The Vibrant IS one penny shy of being a free phone. Even Verizon admitted that the bogof offers helped spur the sales of the Droid. Android phones live off of rebates, bogof, free with contract, and other such offers. They only live for a short time on the premium shelf before being moved to the blue light special bin. The iPhone, by contrast, lives on the premium shelf until Apple releases a new model. Even then, they only go as low as $99. Which part of that do you think is BS?
  7. #47  
    Pretty much all of it. If you think temporary third party sales FOR NEW CUSTOMERS TO A CARRIER ONLY = bargain bin, then every phone on the market aside from iPhone is a bargain bin device.
  8. #48  
    We know Apple keeps it's stuff high to do the "premium" thing. Apple is dictating that price, not carriers.

    But the 1 cent price for Androids is misleading, for one. Best Buy, Amazon and Let's Talk all do these types of cheap deals with most phones, with contract restrictions. That's how they hook you. But the phones themselves aren't really bargain bin. If you really think Android phones are worth 1 cent, ask for them off contract. Then you'll find out the real price. Not bargain bin.

    With carrier rebate, many Android phones are still expensive by US standards. Not bargain bin. The carriers themselves have also not marked down many of their Android phones, meaning they're still selling at the carrier dictated price. So not bargain bin.
    Last edited by The Phone Diva; 08/20/2010 at 03:58 PM.
    HP has officially ruined it's own platform and kicked webOS loyalists and early TouchPad adopters to the curb. You think after you drop it like a hot potato and mention it made no money and is costing you money, anyone else wants it??? Way to go HP!!

    And some people are fools to keep believing their hype. HP has shown they will throw webOS under the bus and people are still having faith in them??? News flash: if it's own company won't stand behind it, it's finished!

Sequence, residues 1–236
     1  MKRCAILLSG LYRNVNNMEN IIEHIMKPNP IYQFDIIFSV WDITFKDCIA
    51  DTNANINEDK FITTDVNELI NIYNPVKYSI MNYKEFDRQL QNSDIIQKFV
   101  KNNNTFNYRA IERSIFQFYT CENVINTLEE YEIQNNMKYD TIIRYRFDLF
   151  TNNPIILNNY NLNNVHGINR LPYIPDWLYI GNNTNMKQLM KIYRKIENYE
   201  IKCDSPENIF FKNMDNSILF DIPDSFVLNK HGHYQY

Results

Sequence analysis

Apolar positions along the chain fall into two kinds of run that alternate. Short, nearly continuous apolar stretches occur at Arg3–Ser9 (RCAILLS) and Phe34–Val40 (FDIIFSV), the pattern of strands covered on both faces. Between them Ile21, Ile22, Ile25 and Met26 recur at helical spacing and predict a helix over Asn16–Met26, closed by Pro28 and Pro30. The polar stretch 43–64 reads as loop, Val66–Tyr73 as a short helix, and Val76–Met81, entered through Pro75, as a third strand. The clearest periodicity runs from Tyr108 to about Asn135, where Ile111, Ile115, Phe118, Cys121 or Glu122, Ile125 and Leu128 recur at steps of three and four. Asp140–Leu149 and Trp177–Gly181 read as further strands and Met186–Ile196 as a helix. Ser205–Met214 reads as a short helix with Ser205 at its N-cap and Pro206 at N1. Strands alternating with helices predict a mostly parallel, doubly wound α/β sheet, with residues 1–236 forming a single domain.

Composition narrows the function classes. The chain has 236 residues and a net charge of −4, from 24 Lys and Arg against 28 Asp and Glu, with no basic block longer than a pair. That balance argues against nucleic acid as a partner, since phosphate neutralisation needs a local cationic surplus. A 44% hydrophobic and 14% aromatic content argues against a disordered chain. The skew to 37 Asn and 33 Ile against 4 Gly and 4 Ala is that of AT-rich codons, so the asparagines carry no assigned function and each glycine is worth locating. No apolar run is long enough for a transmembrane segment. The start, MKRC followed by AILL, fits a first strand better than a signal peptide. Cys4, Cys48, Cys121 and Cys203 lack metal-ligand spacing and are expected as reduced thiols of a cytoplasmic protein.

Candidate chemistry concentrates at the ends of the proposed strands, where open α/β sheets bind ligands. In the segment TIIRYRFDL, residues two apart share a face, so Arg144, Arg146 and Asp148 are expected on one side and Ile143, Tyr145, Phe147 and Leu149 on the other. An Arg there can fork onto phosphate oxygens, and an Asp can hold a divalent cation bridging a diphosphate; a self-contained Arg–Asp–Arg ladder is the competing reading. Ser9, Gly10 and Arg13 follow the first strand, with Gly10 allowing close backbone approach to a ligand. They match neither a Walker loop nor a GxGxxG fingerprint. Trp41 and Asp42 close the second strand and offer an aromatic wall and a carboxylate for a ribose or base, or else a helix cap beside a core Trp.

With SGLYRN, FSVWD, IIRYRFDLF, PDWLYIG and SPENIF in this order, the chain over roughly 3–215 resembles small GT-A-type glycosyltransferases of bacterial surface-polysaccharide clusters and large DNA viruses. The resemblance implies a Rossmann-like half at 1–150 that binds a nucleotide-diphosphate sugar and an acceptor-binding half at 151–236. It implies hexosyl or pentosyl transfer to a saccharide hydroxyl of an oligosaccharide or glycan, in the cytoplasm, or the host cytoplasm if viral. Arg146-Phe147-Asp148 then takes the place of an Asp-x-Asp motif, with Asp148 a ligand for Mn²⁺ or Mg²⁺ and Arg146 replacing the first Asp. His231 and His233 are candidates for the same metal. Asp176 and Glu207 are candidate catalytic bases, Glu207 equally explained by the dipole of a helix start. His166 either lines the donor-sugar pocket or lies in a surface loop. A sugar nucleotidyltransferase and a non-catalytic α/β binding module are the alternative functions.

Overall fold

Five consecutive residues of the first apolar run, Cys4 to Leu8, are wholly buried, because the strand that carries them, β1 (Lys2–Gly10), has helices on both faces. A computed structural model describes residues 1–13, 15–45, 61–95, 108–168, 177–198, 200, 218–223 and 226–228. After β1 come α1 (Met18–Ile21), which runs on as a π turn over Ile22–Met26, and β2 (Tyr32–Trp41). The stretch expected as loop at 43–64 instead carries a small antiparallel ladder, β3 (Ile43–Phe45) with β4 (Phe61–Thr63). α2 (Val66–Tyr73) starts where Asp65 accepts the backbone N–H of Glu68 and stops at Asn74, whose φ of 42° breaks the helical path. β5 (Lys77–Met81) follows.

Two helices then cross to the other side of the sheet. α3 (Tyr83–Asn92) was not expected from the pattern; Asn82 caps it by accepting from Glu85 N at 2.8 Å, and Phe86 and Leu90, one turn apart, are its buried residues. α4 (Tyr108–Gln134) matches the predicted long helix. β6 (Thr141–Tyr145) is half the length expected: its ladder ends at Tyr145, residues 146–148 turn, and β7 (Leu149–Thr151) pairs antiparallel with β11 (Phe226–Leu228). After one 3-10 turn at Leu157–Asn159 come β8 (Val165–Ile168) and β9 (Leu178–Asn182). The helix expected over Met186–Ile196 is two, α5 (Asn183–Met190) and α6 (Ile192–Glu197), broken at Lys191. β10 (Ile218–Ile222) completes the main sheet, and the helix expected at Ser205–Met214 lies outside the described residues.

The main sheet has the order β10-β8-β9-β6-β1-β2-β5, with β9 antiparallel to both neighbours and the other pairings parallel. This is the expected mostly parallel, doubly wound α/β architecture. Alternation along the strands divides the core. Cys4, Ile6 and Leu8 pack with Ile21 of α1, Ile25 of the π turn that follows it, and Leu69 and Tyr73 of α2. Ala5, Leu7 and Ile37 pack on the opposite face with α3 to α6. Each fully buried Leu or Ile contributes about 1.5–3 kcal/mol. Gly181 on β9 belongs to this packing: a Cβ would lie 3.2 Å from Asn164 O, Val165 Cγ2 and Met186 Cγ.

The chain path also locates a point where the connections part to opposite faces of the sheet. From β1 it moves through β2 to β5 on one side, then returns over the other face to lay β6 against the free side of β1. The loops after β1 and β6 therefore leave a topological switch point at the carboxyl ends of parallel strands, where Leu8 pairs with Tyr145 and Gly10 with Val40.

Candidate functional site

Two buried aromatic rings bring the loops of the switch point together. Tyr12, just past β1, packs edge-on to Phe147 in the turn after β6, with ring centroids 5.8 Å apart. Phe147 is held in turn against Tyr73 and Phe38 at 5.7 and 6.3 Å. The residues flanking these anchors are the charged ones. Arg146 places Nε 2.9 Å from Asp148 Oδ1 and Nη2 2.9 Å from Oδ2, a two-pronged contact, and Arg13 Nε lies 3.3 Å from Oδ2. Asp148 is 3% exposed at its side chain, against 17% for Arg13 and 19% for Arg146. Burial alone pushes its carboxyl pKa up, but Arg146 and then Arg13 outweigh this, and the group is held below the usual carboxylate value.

9. #49  
    Quote Originally Posted by The Phone Diva View Post
    [COLOR="Navy"]We know Apple keeps it's stuff high to do the "premium" thing. Apple is dictating that price, not carriers.
    This is how the "premium" market works with all types of items. Otherwise, you are not dealing with the premium marketplace. What's your point?

    Quote Originally Posted by The Phone Diva View Post
    [COLOR="Navy"]But the 1 cent price for Androids is misleading, for one. Best Buy, Amazon and Let's Talk all do these types of cheap deals with most phones, with contract restrictions. That's how they hook you. But the phones themselves aren't really bargain bin.
    It's $0.01. There is nothing misleading about it. Let's Talk, and the like, are bargain bin resellers. As for the off contract price, that is clearly displayed on the Amazon page. If they thought they could get that price, they wouldn't be selling it for a penny.

    Quote Originally Posted by The Phone Diva View Post
    With carrier rebate, many Android phones are still expensive by US standards. Not bargain bin. The carriers themselves have also not marked down many of their Android phones, meaning they're still selling at the carrier dictated price. So not bargain bin.
    Rebates are just another discount program so that a product can compete on price. True, many carriers do not offer deep discounts, but that is to take advantage of people who haven't yet heard of the internet.

    There is nothing to debate, here. No matter how you define it, a penny is bargain bin pricing. Heck, half price is bargain bin pricing after only a week on the market. There would be no Android explosion if there were no cheap and free Android phones. They tried going the premium rout, but discovered that they were not Apple after all.